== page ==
And the same troubles go with my determination to have part of the film look like the original ‘The Fog’ with mist everywhere. So all night shoots, and that’s like 30% of the film, has to have real fog/mist in the scenes, so that has been very challenging, and it’s all thanks to Danny Allen who is always designing better ways of channelling more and more smoke for us...And finally a big shout out to our cinematographer, Josh White, who has just made making the film an absolute pleasure. He’s creating some truly cinematic scenes, that pay homage to all the 80’s horror movies I loved as a kid…And that’s the other thing: we’re primarily a crew of 2-4 people…we wanted to prove that you don’t need a crew of large numbers to make something of quality. We hope that we can inspire a new generation of filmmakers to make a lot from very little.
11. You’re pitching ‘Invasion of the Not Quite Dead’ as not quite a zombie movie – do you think zombies have been done to death?
I think it’ll always have an audience, but the last few years there has been a huge surge in zombie TV/films…I’m a big fan of ‘The Walking Dead’, but not so much a fan of modern zombie films, with the exception of a few. For me, the true zombie genre is Romero’s original trilogy - I’m also a huge fan of the ‘Return of the Living Dead’ franchise (first 3). It’s not for me to say it’s been overdone, but there’s only a handful I personally like. The irony is, the zombie genre isn’t particularly one of my favourite genres, with ‘Invasion’ it’s been about incorporating different genres. The idea to not go the copycat route came in university, during an assignment to make a short film, I thought why not make something that’s just slightly out of the box, so it’s not quite a zombie short film, haha, so in 2005 the idea to do something different began, 2 years before I put making ‘Invasion’ into motion…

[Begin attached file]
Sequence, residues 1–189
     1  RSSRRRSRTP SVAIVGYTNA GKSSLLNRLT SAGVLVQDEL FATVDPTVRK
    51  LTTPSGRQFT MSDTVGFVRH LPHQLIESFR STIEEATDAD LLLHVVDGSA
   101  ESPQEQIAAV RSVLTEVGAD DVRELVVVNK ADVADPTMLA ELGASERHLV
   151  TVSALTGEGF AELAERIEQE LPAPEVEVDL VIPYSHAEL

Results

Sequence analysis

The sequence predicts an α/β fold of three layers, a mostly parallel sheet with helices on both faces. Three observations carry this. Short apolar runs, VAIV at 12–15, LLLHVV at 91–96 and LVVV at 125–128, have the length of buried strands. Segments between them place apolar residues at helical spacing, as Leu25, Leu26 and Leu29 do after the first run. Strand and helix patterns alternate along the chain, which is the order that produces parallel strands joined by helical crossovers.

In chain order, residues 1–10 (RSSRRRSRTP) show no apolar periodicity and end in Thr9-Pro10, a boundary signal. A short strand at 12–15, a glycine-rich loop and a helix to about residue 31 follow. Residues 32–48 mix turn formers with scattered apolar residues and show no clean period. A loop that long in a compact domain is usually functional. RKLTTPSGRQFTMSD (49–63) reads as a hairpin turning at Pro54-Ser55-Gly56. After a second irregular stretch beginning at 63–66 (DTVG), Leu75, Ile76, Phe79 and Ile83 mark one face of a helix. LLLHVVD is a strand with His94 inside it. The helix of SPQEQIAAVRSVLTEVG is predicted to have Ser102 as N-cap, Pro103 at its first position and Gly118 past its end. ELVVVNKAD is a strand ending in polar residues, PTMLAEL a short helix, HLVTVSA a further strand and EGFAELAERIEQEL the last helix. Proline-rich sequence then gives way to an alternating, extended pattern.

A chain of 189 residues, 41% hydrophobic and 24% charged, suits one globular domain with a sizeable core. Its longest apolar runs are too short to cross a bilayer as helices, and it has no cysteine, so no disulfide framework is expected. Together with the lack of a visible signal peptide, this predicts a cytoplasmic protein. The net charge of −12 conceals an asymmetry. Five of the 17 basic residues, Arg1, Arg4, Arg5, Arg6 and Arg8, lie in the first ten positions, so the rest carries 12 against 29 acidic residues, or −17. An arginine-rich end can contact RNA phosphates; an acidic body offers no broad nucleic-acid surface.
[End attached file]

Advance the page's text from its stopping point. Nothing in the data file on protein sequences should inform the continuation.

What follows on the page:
12. Why do you think horror as a genre has such a devoted audience?
A lot of people love to be scared, in a safe environment that is. The best example I can give you is of my 4-year-old Daisy, she’s now at that age of loving things like old ‘Doctor Who’ and MST3K with the dinosaur episodes. She loves to be scared, but doesn’t like going to the toilet on her own now, but she won’t NOT watch the things that scare her. I think a lot of people maybe are somewhat morbid, or they feel better about their lives seeing someone go through hell. Some people just find horror films funny, and they’re maybe sick thinking like that, haha, who knows. It’s the one genre that would potentially excite the most amount of people…for a filmmaker it’s the most exciting one you can shoot: creating stunning light and smoke scenes, pushing actors to go past breaking point for a scene, to create your own sub-genre of monsters…I guess classic Doctor Who helped me want to create something of my own, now I’ve created the NOT QUITE DEAD…